The Indian tennis player and former Pakistani cricket captain complete their love match away from the glare of the media spotlight.
At last, Shoaib bowls his maiden over
DUBAI // After days of speculation and controversy, the wedding of the celebrity sports couple, Sania Mirza and Shoaib Malik, finally went ahead in India yesterday, away from the media glare that has surrounded the pair.
The marriage of the Indian tennis star and the Pakistani cricketer is seen as a step forward for relations between countries divided by a history of bitter rivalry and distrust. The nikaah, a traditional wedding ceremony, was held in Sania's hometown of Hyderabad at the Taj Krishna Hotel in the presence of about 70 guests including family and close friends. Television crews, media representatives and fans were barred from the ceremony.
Immediately after the ceremony, Sania's spokeswoman, Rucha Naik, confirmed the nuptials to reporters gathered outside the hotel. "The [wedding] has just been completed. Please pray for the couple," she said. The news was broadcast live on Indian television. Earlier in the day, Sania was seen leaving her home in Jubilee Hills wearing a traditional red bridal sari and several items of gold jewellery. The Indian tennis player appeared coy and nervous as she got into the car, ignoring fans and TV crews who has gathered to catch a glimpse of her.
She was accompanied by her parents, Imran and Naseema Mirza, and her sister, Anam Mirza. Photographers and cameramen chased the car all the way to the wedding, the venue of which had been kept a secret until the last minute. Saia's red sari was the one her mother wore for her wedding 25 years ago. The groom wore a black sherwani, designed by the Indian designers Shantanu and Nikhil. The former captain of the Pakistan cricket team appeared relaxed, flanked by his mother and other relatives.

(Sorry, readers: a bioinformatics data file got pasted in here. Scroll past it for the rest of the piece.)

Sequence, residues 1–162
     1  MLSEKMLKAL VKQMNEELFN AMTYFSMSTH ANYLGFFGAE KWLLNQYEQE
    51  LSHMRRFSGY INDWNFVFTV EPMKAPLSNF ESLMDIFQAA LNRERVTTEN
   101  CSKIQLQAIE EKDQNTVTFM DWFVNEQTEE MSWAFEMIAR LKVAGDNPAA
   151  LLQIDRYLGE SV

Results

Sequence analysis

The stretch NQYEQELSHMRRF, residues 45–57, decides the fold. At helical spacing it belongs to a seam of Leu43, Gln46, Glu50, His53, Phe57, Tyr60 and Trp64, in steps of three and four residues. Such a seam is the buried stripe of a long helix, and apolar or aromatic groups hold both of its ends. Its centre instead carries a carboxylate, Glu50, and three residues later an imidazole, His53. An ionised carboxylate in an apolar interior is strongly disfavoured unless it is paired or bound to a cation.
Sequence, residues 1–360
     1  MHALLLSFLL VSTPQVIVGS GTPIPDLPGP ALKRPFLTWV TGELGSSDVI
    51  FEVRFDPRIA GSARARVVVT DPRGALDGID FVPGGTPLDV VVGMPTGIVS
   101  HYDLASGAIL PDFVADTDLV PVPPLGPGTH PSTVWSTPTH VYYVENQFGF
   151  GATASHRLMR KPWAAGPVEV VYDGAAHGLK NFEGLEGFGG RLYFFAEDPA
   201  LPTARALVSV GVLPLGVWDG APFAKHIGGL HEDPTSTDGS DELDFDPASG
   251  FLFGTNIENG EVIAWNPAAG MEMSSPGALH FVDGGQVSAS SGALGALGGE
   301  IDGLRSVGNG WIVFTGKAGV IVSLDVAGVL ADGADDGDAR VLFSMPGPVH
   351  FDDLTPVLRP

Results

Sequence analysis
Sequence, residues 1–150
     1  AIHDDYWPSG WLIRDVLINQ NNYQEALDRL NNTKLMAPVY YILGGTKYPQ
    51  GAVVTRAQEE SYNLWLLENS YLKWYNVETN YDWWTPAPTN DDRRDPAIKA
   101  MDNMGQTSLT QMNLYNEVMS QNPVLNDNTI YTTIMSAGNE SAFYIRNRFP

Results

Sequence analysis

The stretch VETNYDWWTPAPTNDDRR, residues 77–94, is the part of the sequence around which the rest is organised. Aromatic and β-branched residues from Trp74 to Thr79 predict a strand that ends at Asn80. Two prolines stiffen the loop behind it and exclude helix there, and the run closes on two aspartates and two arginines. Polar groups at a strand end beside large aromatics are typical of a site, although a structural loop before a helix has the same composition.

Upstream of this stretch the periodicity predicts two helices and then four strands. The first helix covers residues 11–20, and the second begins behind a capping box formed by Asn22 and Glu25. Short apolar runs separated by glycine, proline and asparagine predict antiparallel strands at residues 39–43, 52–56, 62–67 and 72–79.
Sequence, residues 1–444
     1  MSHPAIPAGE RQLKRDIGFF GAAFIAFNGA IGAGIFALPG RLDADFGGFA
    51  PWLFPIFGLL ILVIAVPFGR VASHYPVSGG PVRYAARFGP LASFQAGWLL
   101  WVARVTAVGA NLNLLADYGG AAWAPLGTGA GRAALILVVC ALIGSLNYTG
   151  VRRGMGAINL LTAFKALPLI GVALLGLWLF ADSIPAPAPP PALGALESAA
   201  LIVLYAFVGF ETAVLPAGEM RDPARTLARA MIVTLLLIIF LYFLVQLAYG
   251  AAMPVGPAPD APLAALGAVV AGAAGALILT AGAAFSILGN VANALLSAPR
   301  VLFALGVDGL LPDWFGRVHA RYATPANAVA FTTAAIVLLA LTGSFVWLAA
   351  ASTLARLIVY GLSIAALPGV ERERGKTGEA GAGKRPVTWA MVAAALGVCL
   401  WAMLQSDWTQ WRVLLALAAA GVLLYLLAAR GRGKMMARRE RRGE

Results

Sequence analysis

The sudden announcement yesterday that the couple had wed came as a surprise. The families had said that the wedding would happen on Thursday. However, the big day was brought forward after Indian clerics issued a fatwa against the couple for living together out of wedlock at Sania's home; Shoaib had been staying there for the past few days. The wedding celebrations are far from over: rituals and functions will continue for the next few days. Ms Naik, Sania's spokeswoman, said the mehndi, a traditional Indian ceremony in which henna is painted on the hands of the bride, would be held today followed by sangeet, a celebration involving singing, tomorrow.
A grand reception to be attended by sports stars, politicians, celebrities and diplomats from India, Pakistan and the UAE is expected to be held on Thursday. Family, friends and well-wishers of the couple in the UAE watched intently yesterday as reports of the wedding emerged. Shoaib and Sania have announced plans to settle in Dubai. Shoaib's relatives in Abu Dhabi said yesterday they were delighted with the news.
"Definitely, we are very happy to hear this and it is a joyous occasion," said his uncle, Ashiq Hussain. He declined to comment further because the family want to keep the wedding out of the public eye as much as possible. Indian and Pakistani community members in Dubai said yesterday they would like to organise an event to welcome the couple to the city. "It was great to see that the marriage finally came through. I am happy that a young Indian and a young Pakistani have crossed the borders and finally did what many of us want to do," said Rahim Ali, from Pakistan, an avid fan of cricket and of Shoaib. Similar responses came from the Indian community.
The couple had a troubled engagement following claims by another Hyderabad woman, Ayesha Siddique, that Shoaib had married her by telephone a few years ago. Shoaib finally agreed to divorce after falling under intense media scrutiny and pressure from the community. @Email:firstname.lastname@example.org